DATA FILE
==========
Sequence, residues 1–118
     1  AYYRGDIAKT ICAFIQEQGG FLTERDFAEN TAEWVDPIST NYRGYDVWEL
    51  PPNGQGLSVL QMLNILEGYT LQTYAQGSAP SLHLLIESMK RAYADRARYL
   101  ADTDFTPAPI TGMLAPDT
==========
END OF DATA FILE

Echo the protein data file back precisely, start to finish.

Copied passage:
Sequence, residues 1–118
     1  AYYRGDIAKT ICAFIQEQGG FLTERDFAEN TAEWVDPIST NYRGYDVWEL
    51  PPNGQGLSVL QMLNILEGYT LQTYAQGSAP SLHLLIESMK RAYADRARYL
   101  ADTDFTPAPI TGMLAPDT